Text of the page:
The various declarations of human rights, including the Universal Declaration, state that every person has the right to freedom of thought, conscience and religion. What does this mean in terms of religious instruction in schools?
It might be assumed that religious freedom means that there is a right to have a religious education. But does it mean that parents have a right to have their children instructed in a religion of their choice or does it mean that a child should have the freedom to choose their own religion, and form of religious instruction?
It is unlikely that it implies there is an existing declared "right to indoctrinate" because moves are now afoot in the United Nations, instigated by Islamic countries, to establish this right. A child is a person (legally), therefore a child is supposed to be able, and has the right, to exercise their freedom of choice, and to be free from all coercion in matters of religion. However exactly what the declared right means in this context, I don’t think has ever been tested in any court.
In the beginning of 2008, the Charter of Human Rights and Responsibilities came into operation in Victoria. This legally establishes in Victoria the kind of rights that Australia has already signed up to internationally, including freedom of religion. If any existing practices or legislation violate the Charter, then these can be challenged.
As pointed out by Michael Bauer, (Victorian Humanist, Feb 2008), the recent education legislation in Victoria, the Education and Training Reform Act 2006, contradicts itself. On the one hand it says that education should be secular and should not promote any particular religion, but on the other provides for special religious instruction in schools, to be taught by churches or other religious groups. Could this provision for religious instruction perhaps be challenged as being against the rights as per the new Charter?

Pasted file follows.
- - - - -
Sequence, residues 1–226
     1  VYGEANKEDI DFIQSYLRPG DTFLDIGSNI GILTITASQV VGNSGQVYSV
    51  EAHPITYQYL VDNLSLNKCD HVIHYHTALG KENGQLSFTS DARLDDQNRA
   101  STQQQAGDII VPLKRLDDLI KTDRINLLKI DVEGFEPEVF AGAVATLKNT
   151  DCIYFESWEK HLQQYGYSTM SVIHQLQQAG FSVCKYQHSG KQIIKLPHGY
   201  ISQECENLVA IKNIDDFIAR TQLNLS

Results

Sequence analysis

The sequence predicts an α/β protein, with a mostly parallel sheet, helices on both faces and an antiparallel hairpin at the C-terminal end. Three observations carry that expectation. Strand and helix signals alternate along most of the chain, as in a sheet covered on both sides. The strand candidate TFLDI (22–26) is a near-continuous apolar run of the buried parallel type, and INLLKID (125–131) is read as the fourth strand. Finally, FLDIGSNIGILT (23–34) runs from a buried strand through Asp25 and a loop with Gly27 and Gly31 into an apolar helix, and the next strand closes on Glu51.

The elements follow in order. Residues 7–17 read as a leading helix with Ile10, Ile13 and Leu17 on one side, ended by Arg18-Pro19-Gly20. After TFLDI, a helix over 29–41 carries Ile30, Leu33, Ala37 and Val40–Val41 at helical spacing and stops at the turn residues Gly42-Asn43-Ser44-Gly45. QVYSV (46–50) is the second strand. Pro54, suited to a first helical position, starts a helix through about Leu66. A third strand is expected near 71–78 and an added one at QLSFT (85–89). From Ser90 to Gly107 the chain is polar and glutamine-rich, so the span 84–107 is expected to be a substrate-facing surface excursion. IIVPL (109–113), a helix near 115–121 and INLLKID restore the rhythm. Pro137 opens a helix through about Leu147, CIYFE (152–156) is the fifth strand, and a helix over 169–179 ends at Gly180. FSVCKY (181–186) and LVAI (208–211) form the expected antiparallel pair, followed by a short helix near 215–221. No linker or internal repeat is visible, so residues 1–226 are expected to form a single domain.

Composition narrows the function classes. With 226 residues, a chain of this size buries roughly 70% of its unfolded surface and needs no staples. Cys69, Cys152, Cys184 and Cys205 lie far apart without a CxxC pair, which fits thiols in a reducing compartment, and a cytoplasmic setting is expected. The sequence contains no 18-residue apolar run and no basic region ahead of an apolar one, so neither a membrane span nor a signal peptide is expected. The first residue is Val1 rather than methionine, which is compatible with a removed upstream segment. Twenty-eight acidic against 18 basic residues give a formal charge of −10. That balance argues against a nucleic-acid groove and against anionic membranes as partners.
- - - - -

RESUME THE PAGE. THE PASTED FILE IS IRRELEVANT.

The motivation for such a challenge would be that as Richard Dawkins suggests, the indoctrination of children can be a form of child abuse. Instilling fear of devils, hellfire and punishment traumatises children. Further, indoctrination as to "the one true faith" fosters a religious "us versus them" attitude in children and is highly anti-social. The consequences of this attitude in global conflict are quite apparent.
The new Act has enabled teachers to provide for a "general religious education" whereas previously they could not. In practice however it may do little more than re-establish the status quo of "religious instruction" that has existed since 1950. The usual situation is that once a week someone comes in from outside the school and teaches the children about Jesus. Those pupils not participating can go and sit by themselves in another room.
What is inherently wrong with this practice, I think, is that while it may be considered to be exercising the freedom of religion of the parents, it is taking away the freedom of thought and the freedom of religion of the child. The instructors represent a particular religion, in practice, in state schools, it is always Christianity. It seems implausible that the instruction sessions could be interpreted otherwise than as promoting a particular religion. This would seem implicit, at least, in the use of the word "instruction". If children are given the impression that only one religion is true, then how does that assist their freedom of thought, conscience and religion?